In a little over two weeks’ time, Tim Schafer’s classic adventure game Grim Fandango will rise from the grave, ready to inform a whole new generation of players on how storytelling in games is supposed to work. Needless to say, we could hardly be more excited.
But as the launch day approaches and we prepare to step back into the well-worn shoes of Manny Calavera, it occurs that the relaunch of Grim Fandango could have been so much more.
What appealed about Grim Fandango more than anything else was its world building. Despite the player only every visiting a couple of dozen significant locations on their four-year Journey of the Soul, everywhere in the Land of the Dead felt as though it had a purpose and a place. There were locations like Puerto Zapato and the mountains over which Manny and Glottis travel which were never properly explored. The proposal therefore is more radical than a mere sequel – it’s an expansion.
Imagine the scene. The game opens with a soul walking into an office at the Department of Death, scared to – well, not that – of what might await them. But to their surprise, the smiling “travel agent” just asks them about their life. In short order, we have a character built and sent off on their four year Journey of the Soul.
Of course, there is the option simply to walk the desert, ocean and frozen wastes to reach heaven as quickly as possible. But to do so would be to miss half the fun of unlife. The whole world is open, from the sprawling metropolis of El Marrow, bustling with souls trying to make ends meet, to the bleak views of the Edge of the World. The player can learn skills, build a life for themselves, and help with the problems of the lost souls wandering the wastes.
Imagine the option to see how this world works from top to bottom, as you find yourself tackling the criminal gangs of the underworld, rescuing sailors lost on the Sea of Lament, battling the monsters of the deep and taking a team of sled dogs across the mountains as the gates of heaven appear over the horizon.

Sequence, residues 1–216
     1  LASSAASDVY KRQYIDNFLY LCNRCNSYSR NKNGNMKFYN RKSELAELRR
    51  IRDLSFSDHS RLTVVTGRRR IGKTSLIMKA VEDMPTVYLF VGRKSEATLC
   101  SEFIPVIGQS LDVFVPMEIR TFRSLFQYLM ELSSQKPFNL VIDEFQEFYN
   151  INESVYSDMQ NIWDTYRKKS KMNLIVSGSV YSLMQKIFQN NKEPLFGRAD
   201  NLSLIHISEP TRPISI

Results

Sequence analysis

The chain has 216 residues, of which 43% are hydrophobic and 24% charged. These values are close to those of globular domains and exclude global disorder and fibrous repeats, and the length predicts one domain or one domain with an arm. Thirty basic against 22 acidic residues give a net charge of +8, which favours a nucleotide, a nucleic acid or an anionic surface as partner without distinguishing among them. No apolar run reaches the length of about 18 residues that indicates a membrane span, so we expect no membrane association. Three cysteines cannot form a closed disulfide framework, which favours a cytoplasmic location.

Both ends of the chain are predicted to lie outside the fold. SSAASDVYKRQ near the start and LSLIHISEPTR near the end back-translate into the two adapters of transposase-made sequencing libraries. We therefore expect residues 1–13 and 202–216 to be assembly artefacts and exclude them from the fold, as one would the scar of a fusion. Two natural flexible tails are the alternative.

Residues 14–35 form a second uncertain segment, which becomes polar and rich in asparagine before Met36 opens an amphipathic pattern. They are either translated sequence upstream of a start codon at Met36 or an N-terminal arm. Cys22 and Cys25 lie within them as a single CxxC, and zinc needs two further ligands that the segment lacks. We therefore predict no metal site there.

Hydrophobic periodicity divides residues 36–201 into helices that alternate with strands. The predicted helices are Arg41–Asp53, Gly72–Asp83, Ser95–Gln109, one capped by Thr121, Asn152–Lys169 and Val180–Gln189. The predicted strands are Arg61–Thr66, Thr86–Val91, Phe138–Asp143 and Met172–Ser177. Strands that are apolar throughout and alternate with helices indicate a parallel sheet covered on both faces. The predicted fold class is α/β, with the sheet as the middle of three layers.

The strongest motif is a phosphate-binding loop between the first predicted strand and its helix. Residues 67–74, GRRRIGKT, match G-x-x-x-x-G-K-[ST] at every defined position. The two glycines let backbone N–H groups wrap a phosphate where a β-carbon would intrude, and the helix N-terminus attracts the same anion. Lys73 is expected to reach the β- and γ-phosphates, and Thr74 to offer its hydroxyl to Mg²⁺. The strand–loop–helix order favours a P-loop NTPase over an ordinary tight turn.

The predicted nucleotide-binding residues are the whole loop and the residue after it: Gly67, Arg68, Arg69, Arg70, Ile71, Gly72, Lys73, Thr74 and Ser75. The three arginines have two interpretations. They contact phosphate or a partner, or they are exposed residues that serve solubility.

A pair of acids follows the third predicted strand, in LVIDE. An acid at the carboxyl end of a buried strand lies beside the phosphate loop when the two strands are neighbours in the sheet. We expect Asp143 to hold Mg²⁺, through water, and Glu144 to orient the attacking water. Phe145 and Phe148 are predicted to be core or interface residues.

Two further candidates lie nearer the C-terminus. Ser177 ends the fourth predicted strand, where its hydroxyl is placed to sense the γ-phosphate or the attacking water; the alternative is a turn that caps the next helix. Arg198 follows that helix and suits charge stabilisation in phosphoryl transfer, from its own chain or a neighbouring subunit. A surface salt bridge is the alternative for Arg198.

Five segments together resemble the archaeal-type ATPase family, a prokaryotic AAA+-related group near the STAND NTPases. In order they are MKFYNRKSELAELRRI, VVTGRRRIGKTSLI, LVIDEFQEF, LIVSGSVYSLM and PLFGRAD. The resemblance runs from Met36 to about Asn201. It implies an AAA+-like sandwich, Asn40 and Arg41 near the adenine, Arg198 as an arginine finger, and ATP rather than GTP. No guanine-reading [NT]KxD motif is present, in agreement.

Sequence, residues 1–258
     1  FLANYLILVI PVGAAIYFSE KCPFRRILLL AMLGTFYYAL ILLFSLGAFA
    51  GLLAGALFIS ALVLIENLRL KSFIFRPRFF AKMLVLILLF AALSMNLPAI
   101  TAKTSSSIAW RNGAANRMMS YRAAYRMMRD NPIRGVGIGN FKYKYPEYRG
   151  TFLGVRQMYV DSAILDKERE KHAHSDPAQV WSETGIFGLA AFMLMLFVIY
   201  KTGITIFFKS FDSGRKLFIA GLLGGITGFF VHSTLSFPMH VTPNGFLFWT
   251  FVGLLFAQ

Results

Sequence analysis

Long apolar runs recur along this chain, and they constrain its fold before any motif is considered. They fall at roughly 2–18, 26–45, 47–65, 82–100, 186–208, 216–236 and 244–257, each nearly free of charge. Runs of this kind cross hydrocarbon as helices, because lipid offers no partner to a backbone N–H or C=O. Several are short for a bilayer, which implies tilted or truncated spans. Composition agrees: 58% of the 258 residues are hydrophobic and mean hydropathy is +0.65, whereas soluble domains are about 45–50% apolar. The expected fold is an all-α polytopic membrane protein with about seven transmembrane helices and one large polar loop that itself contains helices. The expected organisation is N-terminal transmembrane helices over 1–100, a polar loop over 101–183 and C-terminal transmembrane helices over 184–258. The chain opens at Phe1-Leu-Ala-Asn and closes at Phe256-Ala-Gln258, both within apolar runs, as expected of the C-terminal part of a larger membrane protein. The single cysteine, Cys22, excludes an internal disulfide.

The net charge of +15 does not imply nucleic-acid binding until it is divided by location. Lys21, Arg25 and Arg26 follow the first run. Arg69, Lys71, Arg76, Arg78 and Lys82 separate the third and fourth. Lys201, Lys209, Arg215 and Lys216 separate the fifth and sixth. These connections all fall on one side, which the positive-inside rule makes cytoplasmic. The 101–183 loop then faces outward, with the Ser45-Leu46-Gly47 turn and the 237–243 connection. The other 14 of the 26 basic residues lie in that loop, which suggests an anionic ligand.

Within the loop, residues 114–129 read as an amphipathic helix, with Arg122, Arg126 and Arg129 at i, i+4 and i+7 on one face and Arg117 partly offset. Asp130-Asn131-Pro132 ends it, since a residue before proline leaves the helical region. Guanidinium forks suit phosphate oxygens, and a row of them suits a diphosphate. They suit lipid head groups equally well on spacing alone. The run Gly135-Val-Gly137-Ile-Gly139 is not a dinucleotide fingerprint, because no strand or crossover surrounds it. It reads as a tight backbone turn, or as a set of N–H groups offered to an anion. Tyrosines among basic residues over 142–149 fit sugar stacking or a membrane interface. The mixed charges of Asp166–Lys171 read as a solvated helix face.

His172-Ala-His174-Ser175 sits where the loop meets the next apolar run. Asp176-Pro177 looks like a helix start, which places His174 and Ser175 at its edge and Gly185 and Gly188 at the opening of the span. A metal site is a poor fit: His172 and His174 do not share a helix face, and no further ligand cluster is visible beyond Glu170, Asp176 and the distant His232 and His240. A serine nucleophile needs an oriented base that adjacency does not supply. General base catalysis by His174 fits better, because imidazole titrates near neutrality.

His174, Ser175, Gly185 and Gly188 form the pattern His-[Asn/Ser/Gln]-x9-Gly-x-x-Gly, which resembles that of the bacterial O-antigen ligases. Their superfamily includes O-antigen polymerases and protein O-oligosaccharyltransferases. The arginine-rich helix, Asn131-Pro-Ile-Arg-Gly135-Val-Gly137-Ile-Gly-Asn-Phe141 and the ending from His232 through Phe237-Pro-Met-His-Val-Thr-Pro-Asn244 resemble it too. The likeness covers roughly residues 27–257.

When the player finally decides to end their journey, having solved (or otherwise) the mystery of their sins in life and having absolved (or not) themselves of their wrongdoing, passing through the gate tells you what you achieved and the impact of your actions on the world around you.
Many of the participants in the interminable debate on what makes a game define the status by having a failure state. Grim Fandango has none of those as far as we would understand them – nor, indeed would this hypothetical expansion into a Fallout-style RPG. But there is a good reason for this, because Grim Fandango explores the question seldom asked of games – what happens to those who have already failed?
The only genuinely good character who appears in Grim Fandango (Meche Colomar) is there by mistake, and even she is quickly corrupted by the pressure of the situation and becomes cunning and willing to deceive and use violence by the game’s end. All the other characters are flawed in some post-fatal way, and it is their weaknesses that make for interesting storytelling.
The same could hold true in a hypothetical sequel – by necessity, the character creation process would bestow upon your lost soul certain disadvantages as part of their personality. Think of it as the opposite of permanent buffs and stat changes given to RPG characters, only with the exception that this game would have little if any combat, and no levelling. An open-world adventure game is not something which has been often tried, but there is no reason a satisfying journey could not be created by a player’s native wits, brains and charm. Who knows – they may learn something about themselves.
It will be encouraging and extraordinarily nostalgic to see the return of Grim Fandango, especially given its superb reputation and current high prices. But it would be a great shame if it was the last thing that was ever done with the license.